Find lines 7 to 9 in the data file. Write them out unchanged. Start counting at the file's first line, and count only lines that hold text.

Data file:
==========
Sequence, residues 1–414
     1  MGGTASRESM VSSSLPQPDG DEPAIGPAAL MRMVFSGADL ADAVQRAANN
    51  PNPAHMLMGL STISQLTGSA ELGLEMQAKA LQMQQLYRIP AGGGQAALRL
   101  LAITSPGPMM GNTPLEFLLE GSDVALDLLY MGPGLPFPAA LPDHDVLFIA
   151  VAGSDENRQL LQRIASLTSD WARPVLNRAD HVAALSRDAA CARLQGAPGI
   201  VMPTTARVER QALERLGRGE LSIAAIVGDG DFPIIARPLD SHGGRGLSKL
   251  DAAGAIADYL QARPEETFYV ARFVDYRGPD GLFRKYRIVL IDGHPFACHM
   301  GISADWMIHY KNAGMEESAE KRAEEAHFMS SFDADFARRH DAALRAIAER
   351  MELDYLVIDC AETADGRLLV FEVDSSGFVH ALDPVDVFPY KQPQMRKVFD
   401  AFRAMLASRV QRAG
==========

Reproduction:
   251  DAAGAIADYL QARPEETFYV ARFVDYRGPD GLFRKYRIVL IDGHPFACHM
   301  GISADWMIHY KNAGMEESAE KRAEEAHFMS SFDADFARRH DAALRAIAER
   351  MELDYLVIDC AETADGRLLV FEVDSSGFVH ALDPVDVFPY KQPQMRKVFD